After the statements by the witnesses, McGeogh wrote of Allawi that his "every response to the Iraq mess is that of a hard man: he threatens martial law; he warns he might shut down sections of the media; he suggests he might delay elections. His Justice Minister is bringing back the death penalty; his Defence Minister warns he'll chop off insurgents' hands and heads." 
"He tells people he's a 'tough guy'. And friends and enemies alike resort to the same page of the thesaurus when they talk about him: 'willing to be ruthless,' says one; 'potential for brutality,' says another; 'muscular law enforcement comes naturally to him,' concludes a third Iraqi voice," McGeogh wrote.
- Future of Iraq Project
- Iraqi Interim Government
- Iraqi Interim Government Members
- Iraqi sovereignty: June 30, 2004.
- Iraqi sovereignty: Exit Strategy from Iraq
- New Iraq
- Post-war Iraq
- regime change
- Iyad Allawi, Neocon Europe, accessed 14 May, 2009.
- Stanley Reed, "After Saddam: A Power Vacuum May Give Washington Pause," BusinessWeek, August 12, 2002: "Indeed, intramural rivalry is running strong. There is friction, for instance, between Chalabi and Ayad Allawi, a former senior member of Saddam's Baath Party who left Iraq in the 1970s and heads the Iraqi National Accord, a longstanding dissident group. Chalabi, a political liberal, has admirers in Washington, but Allawi's group is believed to have better connections to the Baath Party and the Iraqi military."
- Adam Daifallah, "Interim Leaders are a Mixed Bag," New York Sun, February 28, 2003: "Mr. Allawi's group, comprised mainly of former Baathist associates of Saddam, has received funding from the CIA and has unsuccessfully worked with American intelligence for years to oust Saddam through coup attempts."
- Nicolas Pelham, "Rival former exile groups clash over security in Iraq," The Financial Times, December 11, 2003.
- Michael T. Klare, "Fighting For Oil -- Still," agence global, April 1, 2004: "The Erinys contract first aroused controversy last fall, when it was disclosed that its major investors included figures close to Ahmad Chalabi, founder of the Iraqi National Congress and member of the Iraq Governing Council. Other council members, including Ayad Allawi of the Iraqi National Accord, charged that Chalabi was using his position on the IGC to funnel lucrative contracts to his cronies in the INC at the expense of national unity."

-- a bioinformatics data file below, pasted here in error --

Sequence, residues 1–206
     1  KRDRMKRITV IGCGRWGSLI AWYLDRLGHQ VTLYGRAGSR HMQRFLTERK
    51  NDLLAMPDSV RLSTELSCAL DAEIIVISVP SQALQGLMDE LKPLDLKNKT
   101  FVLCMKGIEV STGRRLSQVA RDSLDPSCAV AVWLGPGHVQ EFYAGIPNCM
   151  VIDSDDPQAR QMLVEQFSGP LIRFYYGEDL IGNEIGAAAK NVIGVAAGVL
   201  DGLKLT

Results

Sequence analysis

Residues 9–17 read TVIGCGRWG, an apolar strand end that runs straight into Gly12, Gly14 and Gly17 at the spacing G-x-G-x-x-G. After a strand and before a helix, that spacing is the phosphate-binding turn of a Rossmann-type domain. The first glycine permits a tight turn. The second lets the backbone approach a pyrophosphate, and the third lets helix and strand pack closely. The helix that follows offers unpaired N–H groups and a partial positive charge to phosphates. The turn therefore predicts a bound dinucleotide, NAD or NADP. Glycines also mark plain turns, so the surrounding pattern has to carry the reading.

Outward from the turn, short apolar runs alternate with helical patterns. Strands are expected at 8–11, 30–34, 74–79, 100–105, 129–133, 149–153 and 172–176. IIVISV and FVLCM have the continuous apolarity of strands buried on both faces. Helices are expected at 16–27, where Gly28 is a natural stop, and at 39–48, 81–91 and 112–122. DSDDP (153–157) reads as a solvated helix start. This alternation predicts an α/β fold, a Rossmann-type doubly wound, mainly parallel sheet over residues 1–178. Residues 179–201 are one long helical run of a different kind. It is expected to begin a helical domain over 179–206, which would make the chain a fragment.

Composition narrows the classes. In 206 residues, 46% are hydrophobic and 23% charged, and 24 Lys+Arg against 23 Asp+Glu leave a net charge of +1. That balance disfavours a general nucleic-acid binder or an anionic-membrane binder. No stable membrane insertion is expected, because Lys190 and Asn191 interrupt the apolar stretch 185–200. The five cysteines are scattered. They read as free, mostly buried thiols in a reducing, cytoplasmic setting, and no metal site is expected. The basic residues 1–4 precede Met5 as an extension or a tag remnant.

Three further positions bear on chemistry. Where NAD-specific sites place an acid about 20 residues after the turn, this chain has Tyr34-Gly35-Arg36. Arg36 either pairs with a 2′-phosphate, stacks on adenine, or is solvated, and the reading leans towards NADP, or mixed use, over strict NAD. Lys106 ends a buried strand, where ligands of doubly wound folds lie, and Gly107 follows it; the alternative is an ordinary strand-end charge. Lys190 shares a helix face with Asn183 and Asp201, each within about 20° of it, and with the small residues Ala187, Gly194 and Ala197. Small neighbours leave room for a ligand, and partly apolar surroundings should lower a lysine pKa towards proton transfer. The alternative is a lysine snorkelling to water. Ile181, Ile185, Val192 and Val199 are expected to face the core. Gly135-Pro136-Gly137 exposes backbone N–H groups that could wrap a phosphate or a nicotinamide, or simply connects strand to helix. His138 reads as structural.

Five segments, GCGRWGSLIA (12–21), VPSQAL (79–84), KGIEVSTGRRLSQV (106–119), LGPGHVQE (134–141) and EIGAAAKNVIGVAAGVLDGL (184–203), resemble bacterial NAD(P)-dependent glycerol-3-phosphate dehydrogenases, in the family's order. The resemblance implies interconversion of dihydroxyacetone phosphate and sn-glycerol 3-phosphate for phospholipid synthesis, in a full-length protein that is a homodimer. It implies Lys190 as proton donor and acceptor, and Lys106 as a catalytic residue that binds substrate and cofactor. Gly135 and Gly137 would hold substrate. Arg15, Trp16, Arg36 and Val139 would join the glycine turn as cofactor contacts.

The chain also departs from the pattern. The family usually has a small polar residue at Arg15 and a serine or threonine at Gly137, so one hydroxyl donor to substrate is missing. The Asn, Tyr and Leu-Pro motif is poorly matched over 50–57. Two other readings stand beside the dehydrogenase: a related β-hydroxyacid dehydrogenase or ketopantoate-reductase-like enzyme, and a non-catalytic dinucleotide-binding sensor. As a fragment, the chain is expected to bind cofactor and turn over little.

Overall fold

- "British-educated Surgeon is New Iraqi Prime Minister. A British-educated neurosurgeon who spent 30 years in exile in Britain, and who has close links with both the CIA and MI6, was named as Iraq's new interim prime minister last night," Guardian/UK, May 28, 2004.
- Irwin Arieff, "UN's Brahimi 'Respects' Choice of Iraqi Leader," Reuters, May 28, 2004.
- Charles Wolfson, "The Politics Behind Iraq's New PM," CBS News, May 28, 2004.
- Michael Georgy, "Iraqis Have Doubts Over Choice of Interim Premier," Reuters, May 28, 2004.
- Barry Schweid, "White House praises selection of Iraqi exile as prime minister," AP, May 28, 2004.
- Warren Hoge and Steven R. Weisman, "Surprising Choice for Premier of Iraq Reflects U.S. Influence," New York Times, May 29, 2004.
- Rajiv Chandrasekaran, "Former Exile Is Selected As Interim Iraqi Leader. Bremer, Brahimi Endorse Governing Council's Choice," Washington Post, May 29, 2004.
- Justin Huggler, "Iraqi with MI6 links is new prime minister," Independent/UK, May 29, 2004.
- Alissa J. Rubin and Maggie Farley, "Iraqi Council Nominates a Prime Minister," Los Angeles Times, May 29, 2004.
- "Former exile starts work on post-transition cabinet, Najaf truce wobbles," AFP, May 29, 2004.
- Joel Brinkley, "A Guide for Hard Times: Iyad Alawi," New York Times, May 29, 2004.
- "UN Sidelined in Choice of Iraqi Leader. White House struggles to defend the selection of candidate who is hardly known in his own country," Guardian/UK, May 29, 2004.
- Mike Allen and Robin Wright, "Pick Appears to Catch Bush Administration Off Guard," Washington Post, May 29, 2004.
- Dexter Filkins, "Exile With Ties to C.I.A. Is Named Premier of Iraq," New York Times, May 29, 2004.
- Hamza Hendawi, "Iraqi panel backs member for premier," AP, May 29, 2004.
- Spencer Abraham, "Iraq'd: Zipless Coup," The New Republic, May 29, 2004.
- "A Hollow Sovereignty for Iraq," New York Times Op-Ed, May 29, 2004.
- Melinda Liu, "Betting on an Old Horse. The CIA finally scores a coup in Iraq--even if it wasn't planned--when the Governing Council agrees on a new leader," Newsweek, June 7, 2004 (Issue).
- "Allawi's rocky road to the top", Sydney Morning Herald, July 17 2004.
- Dean Yates, "Allawi reveals plan for domestic spy agency", Sydney Morning Herald, July 17, 2004.
- Paul McGeough, "Allawi shot prisoners in cold blood: witnesses", Sydney Morning Herald, July 17, 2004.
- Paul McGeogh, "Hard man for a tough country", Sydney Morning Herald, July 17, 2004.
- Rory McCarthy, "Allawi ally paid reporters to turn up: PM admits officials handed out money at press briefings", The Guardian (UK), January 13, 2005.
- Jon Lee Anderson, "A man of the shadows: Can Iyad Allawi hold Iraq together?", New Yorker, January 17, 2005.